Breaking: Indoor Mask Mandate extended until January 31st

Breaking: Indoor Mask Mandate extended until January 31st

The indoor mask mandate on campus has been extended until January 31st. Lipscomb students were informed of the news via an email sent out Thursday Afternoon by Dr. Matt Paden, executive vice president. “This week we have experienced the highest positivity rate in our community over the last 18 months due to a spike in cases as a result of the presence of the omicron variant as well as a significant number of cases of the flu among students,” said Paden in the email to students. According to the Campus COVID Statistics, the number of positive COVID Tests increased tremendously this week. More than 40 positive tests occurred on January 18. “As we continue to do what we can to minimize the impact of the virus and its variants in our community, the indoor mask mandate is extended through Monday, Jan. 31.” Students, faculty, staff, and guests are expected to wear masks throughout all university buildings, regardless of vaccination status. “We will continue to monitor the situation and adjust as appropriate,” Paden assured students in the email “We are hopeful that we are about to reach a plateau and that we will soon be on the downside of this spike.”  Photo by Cora...
Classes remain in-person, on schedule; masks required indoors through Jan. 31

Classes remain in-person, on schedule; masks required indoors through Jan. 31

As the upcoming semester gears up, questions have been circling over the current rise in COVID cases across the state and postponements of in-person learning for other area universities. Lipscomb notified students and faculty via email on Tuesday morning that the university will welcome back students for in-person learning as previously planned.  “We continue to believe that it will take every member of the Bison Herd doing their part to ensure we can have a productive and engaging semester,” said Dr. Matt Paden, executive vice president, in his email to students.  “An effective way to mitigate the spread of the virus is to wear a mask.” Lipscomb is “temporarily” reinstating the indoor mask mandate for students, faculty and guests regardless of vaccination status. Masks will be required indoors through Jan. 21. Lipscomb has since updated the policy and extended the mask mandate to Jan. 31. “The CDC, as well as state and local health officials, recommend wearing an N95 or KN95 mask if possible,” Paden said. “These masks provide the greatest protection of everyone against the virus. We will continue to monitor the situation and adjust as appropriate.” Vaccinations are additionally being encouraged by the university. Free COVID vaccine and booster drives are scheduled to take place this semester on Tuesdays and Wednesdays from 1-3 p.m. in Bennett Campus Center. University faculty (including student workers) are “currently required to comply” with the OSHA (Occupational Safety and Health Administration) federal vaccine mandate for employers with 100 or more employees. This means, before Jan. 10, Lipscomb employees will be required to receive the COVID vaccine to adhere to federal guidelines. “The U.S. Supreme Court has...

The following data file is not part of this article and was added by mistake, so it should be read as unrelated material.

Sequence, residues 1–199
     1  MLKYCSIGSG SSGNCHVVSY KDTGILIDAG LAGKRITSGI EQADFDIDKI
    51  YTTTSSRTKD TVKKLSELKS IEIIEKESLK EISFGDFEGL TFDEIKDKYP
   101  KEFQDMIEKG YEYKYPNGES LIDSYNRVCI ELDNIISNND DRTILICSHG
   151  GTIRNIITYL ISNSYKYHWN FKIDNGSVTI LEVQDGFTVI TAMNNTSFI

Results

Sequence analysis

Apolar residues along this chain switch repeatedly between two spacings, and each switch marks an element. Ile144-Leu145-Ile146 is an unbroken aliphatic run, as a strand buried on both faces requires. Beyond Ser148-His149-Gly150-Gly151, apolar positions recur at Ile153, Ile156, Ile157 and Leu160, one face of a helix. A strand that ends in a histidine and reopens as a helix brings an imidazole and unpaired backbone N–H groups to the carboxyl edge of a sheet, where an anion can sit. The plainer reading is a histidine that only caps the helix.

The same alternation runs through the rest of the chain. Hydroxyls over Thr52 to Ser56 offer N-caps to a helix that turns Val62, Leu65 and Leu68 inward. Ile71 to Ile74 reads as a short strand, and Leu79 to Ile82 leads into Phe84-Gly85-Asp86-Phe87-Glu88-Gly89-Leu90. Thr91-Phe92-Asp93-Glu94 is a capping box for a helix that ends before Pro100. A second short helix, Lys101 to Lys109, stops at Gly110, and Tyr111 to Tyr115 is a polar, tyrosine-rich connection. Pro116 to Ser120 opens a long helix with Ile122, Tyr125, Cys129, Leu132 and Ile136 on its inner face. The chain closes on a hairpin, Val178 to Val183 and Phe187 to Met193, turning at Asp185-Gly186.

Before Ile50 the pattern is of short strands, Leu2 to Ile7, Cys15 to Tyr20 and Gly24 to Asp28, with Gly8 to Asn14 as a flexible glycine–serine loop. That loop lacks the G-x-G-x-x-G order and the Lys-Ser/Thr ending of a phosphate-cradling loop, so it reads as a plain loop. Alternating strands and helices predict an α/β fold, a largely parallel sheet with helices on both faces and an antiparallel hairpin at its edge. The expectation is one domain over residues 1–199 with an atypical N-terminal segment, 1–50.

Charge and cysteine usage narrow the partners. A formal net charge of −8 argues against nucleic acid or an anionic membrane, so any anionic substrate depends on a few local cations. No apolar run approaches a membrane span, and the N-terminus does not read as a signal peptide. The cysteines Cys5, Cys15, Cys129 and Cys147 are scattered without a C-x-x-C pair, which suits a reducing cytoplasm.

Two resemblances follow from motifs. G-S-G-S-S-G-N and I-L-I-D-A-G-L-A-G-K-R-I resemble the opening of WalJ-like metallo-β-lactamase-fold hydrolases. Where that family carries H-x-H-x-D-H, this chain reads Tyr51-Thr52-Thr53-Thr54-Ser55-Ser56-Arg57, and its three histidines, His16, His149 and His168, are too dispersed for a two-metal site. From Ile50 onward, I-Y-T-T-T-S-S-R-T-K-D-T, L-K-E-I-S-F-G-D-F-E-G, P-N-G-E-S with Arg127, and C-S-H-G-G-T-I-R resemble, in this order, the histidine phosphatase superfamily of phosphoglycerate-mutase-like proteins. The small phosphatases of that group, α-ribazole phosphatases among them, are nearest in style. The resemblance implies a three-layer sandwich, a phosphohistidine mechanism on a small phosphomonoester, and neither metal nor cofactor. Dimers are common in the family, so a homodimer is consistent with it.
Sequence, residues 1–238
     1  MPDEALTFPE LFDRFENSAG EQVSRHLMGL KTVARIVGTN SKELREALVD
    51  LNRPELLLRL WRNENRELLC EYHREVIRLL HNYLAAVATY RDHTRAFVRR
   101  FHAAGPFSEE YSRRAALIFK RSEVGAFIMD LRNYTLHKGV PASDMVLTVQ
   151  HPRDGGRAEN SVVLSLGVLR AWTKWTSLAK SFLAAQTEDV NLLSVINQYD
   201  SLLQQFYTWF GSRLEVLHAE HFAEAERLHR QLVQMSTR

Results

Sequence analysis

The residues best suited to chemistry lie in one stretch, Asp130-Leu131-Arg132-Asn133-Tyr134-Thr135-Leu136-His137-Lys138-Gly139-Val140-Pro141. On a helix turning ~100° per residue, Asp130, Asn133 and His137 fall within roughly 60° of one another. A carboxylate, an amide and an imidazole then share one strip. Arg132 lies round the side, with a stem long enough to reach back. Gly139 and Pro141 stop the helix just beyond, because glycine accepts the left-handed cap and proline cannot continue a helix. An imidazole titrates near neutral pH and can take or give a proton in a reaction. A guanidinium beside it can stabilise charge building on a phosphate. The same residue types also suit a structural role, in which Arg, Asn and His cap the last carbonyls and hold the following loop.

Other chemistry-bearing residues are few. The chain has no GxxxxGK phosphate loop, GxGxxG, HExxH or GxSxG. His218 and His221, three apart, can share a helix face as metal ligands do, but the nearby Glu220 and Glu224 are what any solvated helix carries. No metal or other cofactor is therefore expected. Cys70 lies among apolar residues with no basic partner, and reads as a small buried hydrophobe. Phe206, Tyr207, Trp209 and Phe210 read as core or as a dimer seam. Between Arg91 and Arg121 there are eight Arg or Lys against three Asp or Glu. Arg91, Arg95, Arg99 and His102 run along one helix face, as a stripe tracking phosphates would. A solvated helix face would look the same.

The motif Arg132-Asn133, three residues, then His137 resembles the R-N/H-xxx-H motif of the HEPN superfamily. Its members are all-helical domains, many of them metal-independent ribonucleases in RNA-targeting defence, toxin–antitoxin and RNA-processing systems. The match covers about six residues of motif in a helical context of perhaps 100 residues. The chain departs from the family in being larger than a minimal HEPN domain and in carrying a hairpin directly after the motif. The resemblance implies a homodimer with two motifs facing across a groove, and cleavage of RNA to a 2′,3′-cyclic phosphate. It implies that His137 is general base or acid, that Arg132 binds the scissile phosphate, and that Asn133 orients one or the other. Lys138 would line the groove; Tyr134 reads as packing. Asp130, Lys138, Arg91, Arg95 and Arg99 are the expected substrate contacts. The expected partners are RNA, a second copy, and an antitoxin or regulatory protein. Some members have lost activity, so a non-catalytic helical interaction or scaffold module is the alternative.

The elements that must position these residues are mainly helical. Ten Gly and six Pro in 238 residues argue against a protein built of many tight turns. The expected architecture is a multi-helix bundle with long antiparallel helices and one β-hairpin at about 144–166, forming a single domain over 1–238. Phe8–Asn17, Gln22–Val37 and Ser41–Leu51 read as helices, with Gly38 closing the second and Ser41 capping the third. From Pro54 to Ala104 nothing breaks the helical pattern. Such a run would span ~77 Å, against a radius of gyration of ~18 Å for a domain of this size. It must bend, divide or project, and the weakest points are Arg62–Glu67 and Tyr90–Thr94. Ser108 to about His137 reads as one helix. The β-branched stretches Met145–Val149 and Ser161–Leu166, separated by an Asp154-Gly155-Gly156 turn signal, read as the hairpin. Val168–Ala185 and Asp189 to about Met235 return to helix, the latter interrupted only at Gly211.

Lighting of the Green returns to bring Christmas spirit

Lighting of the Green returns to bring Christmas spirit

Students, family members and Nashville residents gathered on Lipscomb’s campus Tuesday night to celebrate the 17th Lighting of the Green. It is an annual tradition hosted by Amy Grant that ushers its attendees into the holiday mood.  Some family-friendly festivities began as early as 4 p.m. including a photo opportunity with Santa for the children and a holiday market with specialty vendors.  When the sun went down and the many Christmas lights began to glow brighter, the concert began. The grass outside of the Student Activities Center that usually lies empty was converted into a space for hundreds, complete with a large stage, speakers and seats for guests.  Since the event was entirely virtual last year, many expressed their feelings on returning in person.  “Are you happy to be back live this year?” asked NewsChannel 5’s Leland Stanton, the emcee for the event. He received delighted applause from the audience.  The opening act was Lipscomb Academy’s chorus followed by Amy Grant’s first appearance. Grant has been with the event since its first show almost two decades ago.  “I cannot believe we’ve been doing this for 17 years,” said Grant. “It’s so wonderful that you all made the effort – I have no idea where you parked or how far you walked!”  Her second song was her own classic “Tennessee Christmas.” CeCe Winans, a well-known gospel artist, performed next. “Alright, it’s Christmas,” Winans said before jumping into her upbeat performance. Let’s have some fun!” There were several other songs from the university choir and Corinna Gill, who is Grant’s daughter. Not only was there abundant Christmas music featured, but some clips...